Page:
The company's saviour was Mr Jones, the current chairman who joined when Next bought the mail order company Grattans. He rescued the group from diversification hell in the late Eighties, when its very own chain of newsagents competed with umpteen clothing sub-brands for founder George Davies' attention. Since its reversion to one brand, under Mr Jones, it has gone from strength to strength - barring the odd fashion wobble, that is.

These days the main quibble surrounding Next is its disdain for like-for-like sales figures, the retail industry's key benchmark. The clothing group argues that bottom-line profit is what counts, and this has almost doubled over the past five years. It prefers to focus on total sales, arguing that its strategy of increasing its average store size by replacing smaller outlets with new, larger stores distorts its underlying sales figure. But as Mr Macdonald says: "The acid test is profitability is growing." Next's voracious appetite for buying back its own shares, its preferred way of spending its cash, means its earnings per share will soar by 30 per cent this year.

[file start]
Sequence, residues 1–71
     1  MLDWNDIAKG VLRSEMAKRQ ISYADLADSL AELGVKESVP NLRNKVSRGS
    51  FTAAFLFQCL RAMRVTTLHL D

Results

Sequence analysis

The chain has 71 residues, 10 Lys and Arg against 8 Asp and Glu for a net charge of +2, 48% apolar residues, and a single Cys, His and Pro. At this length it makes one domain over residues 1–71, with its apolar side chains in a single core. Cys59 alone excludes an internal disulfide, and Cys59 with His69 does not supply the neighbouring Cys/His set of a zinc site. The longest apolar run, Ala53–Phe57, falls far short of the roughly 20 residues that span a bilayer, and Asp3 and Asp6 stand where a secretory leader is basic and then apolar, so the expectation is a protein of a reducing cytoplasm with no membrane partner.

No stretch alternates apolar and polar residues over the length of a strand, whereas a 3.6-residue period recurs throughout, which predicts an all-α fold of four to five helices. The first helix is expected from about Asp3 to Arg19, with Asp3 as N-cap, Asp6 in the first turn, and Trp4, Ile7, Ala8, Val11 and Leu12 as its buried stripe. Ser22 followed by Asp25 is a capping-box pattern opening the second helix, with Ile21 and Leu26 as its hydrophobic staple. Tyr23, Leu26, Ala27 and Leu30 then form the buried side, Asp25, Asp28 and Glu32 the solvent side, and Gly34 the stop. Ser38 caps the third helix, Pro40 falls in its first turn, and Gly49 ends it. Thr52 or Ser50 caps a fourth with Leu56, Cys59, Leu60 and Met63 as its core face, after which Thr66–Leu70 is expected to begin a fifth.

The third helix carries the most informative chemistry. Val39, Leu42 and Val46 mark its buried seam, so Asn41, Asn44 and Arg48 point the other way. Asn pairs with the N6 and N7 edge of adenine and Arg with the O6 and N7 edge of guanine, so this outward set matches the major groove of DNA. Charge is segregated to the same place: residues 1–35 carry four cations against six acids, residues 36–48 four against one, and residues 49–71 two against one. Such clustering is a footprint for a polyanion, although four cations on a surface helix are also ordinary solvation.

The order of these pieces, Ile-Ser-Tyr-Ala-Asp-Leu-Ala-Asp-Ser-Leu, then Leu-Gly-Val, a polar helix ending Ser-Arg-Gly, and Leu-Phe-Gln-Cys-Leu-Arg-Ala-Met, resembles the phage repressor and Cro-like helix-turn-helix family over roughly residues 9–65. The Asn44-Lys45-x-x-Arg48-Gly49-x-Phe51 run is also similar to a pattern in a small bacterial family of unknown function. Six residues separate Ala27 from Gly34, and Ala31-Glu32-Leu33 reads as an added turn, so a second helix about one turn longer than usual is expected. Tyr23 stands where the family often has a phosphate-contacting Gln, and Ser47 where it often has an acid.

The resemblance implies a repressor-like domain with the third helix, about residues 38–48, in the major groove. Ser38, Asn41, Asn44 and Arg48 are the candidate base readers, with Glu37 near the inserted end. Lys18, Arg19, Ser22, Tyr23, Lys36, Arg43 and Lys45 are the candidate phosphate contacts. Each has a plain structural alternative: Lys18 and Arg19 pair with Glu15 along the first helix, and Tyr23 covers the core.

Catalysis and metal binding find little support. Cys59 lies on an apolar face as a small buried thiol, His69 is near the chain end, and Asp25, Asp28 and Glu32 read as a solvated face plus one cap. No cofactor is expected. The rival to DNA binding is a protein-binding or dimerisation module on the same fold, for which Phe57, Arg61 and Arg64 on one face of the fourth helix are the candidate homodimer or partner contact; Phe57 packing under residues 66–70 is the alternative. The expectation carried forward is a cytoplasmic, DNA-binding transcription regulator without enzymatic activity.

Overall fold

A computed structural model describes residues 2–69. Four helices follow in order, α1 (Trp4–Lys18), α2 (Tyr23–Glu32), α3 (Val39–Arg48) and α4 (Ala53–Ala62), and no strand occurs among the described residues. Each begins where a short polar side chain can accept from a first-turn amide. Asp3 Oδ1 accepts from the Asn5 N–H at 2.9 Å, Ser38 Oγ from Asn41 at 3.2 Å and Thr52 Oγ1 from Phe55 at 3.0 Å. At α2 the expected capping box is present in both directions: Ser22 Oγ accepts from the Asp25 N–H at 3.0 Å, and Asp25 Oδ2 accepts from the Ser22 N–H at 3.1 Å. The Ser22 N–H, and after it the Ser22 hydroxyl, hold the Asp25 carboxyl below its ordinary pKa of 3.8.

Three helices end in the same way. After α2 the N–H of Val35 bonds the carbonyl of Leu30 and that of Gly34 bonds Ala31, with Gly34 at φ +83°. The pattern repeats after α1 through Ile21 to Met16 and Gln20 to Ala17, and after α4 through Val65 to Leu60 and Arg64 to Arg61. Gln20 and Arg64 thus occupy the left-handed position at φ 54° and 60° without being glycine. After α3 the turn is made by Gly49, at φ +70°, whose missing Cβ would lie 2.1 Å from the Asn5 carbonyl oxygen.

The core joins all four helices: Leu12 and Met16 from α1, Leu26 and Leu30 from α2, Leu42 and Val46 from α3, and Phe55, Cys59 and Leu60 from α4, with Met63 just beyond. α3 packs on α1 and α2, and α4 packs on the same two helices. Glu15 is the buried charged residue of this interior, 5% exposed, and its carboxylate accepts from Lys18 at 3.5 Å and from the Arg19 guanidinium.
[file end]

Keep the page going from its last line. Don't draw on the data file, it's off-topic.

Although Next is proving that bigger stores are better, they are cannibalising existing sales. And it will eventually run out of room to expand in the UK. One solution could be to look overseas: the company is planning to open a store in Copenhagen in March. Another could be to push its home furnishings line, carried in only its larger stores, more aggressively.

In the Next Directory, the UK's largest direct mail order business, the company has a useful growth adjunct; the division's sales climbed 16.1 per cent in the period to 24 December. Although the Directory has been a steady performer, contributing a quarter of group turnover, analysts believe it needs some attention. At 864 pages, the spring/summer hardback catalogue is a daunting read. Here the family connection must help: as founders of the former mail order bastion GUS more than three generations ago, the Wolfsons are the original mail order barons.

As for what 2004 has in store, Mr Wolfson will say only that he is "cautious, not pessimistic". All will depend on how wildly the group embraces next spring's more unlikely fashion trend: yellow.